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Logo of NPR News.

Logo of NPR News. (Photo credit: Wikipedia)

Once again, NPR delivers a couple of gems; tonight’s was from the theater world, and it reminded me of another informative and descriptive one I’d heard on a different edition of the podcast All Things Considered a few weeks ago.

Tonight’s feature was called, “Encore! Encore! Applauding the Literal Showstopper.” Bob Mondello describes his experience of watching audiences demand encores in performances of Hello, Dolly! and Annie Get Your Gun. His descriptions are so vivid, I could picture the performances and actors without hindrance; listening to it on the radio with clips of the performances and sounds of the audience reactions livened up the experience. The piece, both in written and audio format, can be found here:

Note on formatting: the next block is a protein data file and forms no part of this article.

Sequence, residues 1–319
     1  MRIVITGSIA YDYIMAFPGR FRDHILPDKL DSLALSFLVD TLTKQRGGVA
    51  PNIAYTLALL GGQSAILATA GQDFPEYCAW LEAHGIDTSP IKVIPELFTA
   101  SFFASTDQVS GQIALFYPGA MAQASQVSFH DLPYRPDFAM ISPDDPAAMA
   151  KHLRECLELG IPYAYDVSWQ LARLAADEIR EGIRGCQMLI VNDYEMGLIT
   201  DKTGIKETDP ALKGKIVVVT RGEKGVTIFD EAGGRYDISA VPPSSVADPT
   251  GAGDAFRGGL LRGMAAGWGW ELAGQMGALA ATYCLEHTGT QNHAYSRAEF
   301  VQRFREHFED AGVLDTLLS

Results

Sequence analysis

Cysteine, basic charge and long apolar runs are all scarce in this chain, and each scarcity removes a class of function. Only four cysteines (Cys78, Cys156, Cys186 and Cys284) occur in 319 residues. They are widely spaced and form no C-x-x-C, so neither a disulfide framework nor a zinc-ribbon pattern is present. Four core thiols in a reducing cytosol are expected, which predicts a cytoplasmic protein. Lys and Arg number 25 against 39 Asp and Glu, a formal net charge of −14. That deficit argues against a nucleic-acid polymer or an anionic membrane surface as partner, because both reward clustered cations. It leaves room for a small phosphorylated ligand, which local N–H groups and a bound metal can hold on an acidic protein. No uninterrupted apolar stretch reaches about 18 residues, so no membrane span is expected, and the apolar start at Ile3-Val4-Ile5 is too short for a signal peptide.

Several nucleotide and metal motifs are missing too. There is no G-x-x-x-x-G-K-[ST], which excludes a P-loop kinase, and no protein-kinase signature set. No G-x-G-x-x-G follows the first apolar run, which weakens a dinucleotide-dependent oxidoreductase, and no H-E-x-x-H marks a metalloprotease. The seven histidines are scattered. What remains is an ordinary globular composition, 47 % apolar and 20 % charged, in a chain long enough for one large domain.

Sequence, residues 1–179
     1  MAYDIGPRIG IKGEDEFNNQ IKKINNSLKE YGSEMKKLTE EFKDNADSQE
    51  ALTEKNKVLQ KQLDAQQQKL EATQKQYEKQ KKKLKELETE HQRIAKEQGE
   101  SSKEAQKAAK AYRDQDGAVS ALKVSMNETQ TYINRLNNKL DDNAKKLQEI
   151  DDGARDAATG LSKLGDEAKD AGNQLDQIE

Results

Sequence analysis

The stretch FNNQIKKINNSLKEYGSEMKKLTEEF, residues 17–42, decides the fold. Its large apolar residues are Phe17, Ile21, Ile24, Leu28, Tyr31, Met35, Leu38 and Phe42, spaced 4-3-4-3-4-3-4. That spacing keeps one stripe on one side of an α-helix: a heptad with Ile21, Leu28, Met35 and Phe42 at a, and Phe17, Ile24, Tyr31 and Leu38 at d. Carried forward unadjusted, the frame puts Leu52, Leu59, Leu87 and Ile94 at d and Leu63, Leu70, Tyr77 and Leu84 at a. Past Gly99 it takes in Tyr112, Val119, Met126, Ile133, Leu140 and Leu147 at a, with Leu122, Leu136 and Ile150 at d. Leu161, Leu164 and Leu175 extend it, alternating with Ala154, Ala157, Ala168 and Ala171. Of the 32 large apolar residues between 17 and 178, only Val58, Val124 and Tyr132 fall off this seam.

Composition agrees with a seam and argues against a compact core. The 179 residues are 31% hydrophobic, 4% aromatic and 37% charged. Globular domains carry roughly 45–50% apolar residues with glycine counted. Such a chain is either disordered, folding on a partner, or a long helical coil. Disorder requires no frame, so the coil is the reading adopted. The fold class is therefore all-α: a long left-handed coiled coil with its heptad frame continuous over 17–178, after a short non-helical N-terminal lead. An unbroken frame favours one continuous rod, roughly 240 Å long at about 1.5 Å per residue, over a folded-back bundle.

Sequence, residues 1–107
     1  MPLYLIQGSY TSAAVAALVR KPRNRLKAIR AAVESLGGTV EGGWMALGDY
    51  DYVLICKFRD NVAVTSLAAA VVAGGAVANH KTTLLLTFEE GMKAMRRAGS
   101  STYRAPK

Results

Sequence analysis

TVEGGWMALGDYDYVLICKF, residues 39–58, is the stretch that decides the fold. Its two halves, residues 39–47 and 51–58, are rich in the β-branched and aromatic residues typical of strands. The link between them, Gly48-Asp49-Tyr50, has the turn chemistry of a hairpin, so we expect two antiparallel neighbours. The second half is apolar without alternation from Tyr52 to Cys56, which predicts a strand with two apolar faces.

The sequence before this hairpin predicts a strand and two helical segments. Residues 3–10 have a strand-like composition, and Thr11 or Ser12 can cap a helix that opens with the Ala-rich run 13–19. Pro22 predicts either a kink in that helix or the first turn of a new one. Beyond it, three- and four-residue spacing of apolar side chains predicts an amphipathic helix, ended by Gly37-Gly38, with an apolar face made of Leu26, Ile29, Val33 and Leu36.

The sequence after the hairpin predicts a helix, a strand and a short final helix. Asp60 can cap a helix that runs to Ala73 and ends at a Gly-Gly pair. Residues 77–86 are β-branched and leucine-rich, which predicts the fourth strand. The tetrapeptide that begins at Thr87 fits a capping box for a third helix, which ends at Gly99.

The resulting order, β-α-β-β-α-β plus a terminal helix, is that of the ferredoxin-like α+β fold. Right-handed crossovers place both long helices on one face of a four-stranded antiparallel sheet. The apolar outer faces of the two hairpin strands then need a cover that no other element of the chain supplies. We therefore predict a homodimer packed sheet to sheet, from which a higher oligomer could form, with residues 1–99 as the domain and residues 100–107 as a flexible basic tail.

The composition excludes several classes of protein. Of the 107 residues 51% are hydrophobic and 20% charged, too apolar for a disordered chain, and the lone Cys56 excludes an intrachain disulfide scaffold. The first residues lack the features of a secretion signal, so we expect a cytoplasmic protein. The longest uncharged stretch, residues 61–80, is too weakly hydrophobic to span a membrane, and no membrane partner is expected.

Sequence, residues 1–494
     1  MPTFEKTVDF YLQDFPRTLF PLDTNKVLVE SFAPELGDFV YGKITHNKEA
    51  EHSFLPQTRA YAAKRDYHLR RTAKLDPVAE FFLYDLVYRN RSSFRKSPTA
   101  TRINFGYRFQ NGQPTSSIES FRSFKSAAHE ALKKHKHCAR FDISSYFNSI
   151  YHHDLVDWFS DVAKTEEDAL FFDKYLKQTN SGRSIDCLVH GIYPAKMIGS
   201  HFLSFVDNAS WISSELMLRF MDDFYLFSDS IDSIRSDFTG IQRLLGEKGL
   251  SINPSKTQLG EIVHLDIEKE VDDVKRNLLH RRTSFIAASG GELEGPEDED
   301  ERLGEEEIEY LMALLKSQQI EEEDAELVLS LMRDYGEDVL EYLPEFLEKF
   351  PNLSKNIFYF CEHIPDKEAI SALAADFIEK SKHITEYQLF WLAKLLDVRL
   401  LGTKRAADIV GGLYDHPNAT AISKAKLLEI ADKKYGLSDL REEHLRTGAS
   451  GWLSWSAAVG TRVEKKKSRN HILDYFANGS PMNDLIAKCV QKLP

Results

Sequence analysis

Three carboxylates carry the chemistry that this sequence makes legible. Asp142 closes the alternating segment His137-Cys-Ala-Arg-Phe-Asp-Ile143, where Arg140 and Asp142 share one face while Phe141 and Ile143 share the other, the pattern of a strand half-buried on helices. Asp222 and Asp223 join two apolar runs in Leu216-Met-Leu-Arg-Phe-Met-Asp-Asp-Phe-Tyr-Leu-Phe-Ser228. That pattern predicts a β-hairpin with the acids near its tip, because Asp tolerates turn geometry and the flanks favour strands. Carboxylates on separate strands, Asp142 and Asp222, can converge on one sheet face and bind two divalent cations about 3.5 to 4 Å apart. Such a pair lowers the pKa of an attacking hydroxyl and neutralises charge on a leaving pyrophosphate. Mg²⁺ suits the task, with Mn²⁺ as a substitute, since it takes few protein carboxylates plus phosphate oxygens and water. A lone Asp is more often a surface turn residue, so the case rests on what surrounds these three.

http://www.npr.org/2012/04/10/150353611/encore-encore-applauding-the-literal-showstopper

A while back, I heard Mondello do another piece entitled, “The Theatrical Curtain Call: More Than Just Bows.” In this story, he describes his near-magical experience of seeing a beautiful curtain call while watching a production of Oliver! as a child. He describes other curtain calls he’s seen, as well as the history of applause and how curtain calls factor into theater today. The piece, in both written and audio format, can be found here:
http://www.npr.org/2012/03/06/147973507/the-theatrical-curtain-call-more-than-just-bows

Mondello’s storytelling is informative and descriptive, full of nostalgic and reminiscent delight paired with current connections. In his “Encore” piece, Mondello references both the world of the opera (with a recent incident at the Met) and the world of rap (with an example of a performance by Kanye West and Jay-Z). Of course, I’m a huge fan of musical theater, so Mondello’s references hold a special place in my heart, but his writing and mini history lessons are endearing and interesting, even if the theater element weren’t there.

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